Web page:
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Leading article: A chemical stain on the Olympics?

Two landmarks in preparations for the London Olympics were passed yesterday. Early details of the opening ceremony were released, and the Olympic Delivery Authority officially handed over the Athletes' Village to the Organising Committee.

Six months before the start of the Games, both inspired confidence that the planning is on schedule, and that – miraculously, for citizens who have learnt to be jaded about big public projects – London 2012 could be a celebration to be proud of.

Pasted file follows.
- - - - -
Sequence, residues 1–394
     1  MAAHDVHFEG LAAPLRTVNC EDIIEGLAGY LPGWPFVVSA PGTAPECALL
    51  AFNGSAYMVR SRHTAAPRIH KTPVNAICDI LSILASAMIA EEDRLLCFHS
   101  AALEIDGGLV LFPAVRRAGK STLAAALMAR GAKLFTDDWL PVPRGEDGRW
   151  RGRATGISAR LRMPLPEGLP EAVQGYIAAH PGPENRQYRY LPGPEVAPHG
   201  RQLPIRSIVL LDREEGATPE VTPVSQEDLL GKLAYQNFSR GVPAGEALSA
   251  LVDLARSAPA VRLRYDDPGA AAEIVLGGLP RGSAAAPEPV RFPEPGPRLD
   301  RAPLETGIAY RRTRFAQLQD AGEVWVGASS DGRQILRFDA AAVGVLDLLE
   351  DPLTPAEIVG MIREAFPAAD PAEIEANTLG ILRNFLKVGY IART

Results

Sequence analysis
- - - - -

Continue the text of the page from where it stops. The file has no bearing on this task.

There has been just one major wrinkle – aside from the unduly complicated and clunky ticketing procedures – and this concerns the £7m sponsorship from Dow Chemical. India's Olympic Association has pressed for the money, for the stadium wrap, to be rejected, arguing that Dow's involvement leaves the impression that the company has settled claims for the aftermath of the 1984 disaster at Bhopal. While the IOA has withdrawn a boycott threat, Meredith Alexander, a member of the Commission for a Sustainable London 2012, resigned this week, saying it was "untenable and unacceptable" to be part of a body that endorsed the deal with Dow.

In view of the controversy, it is unfortunate that the theme of the opening show, "Isles of Wonder", will be about a land, according to director Danny Boyle, "that has been poisoned by industrial legacy, and the recovery of that land". It is not too late to tell Dow that its involvement is not wanted.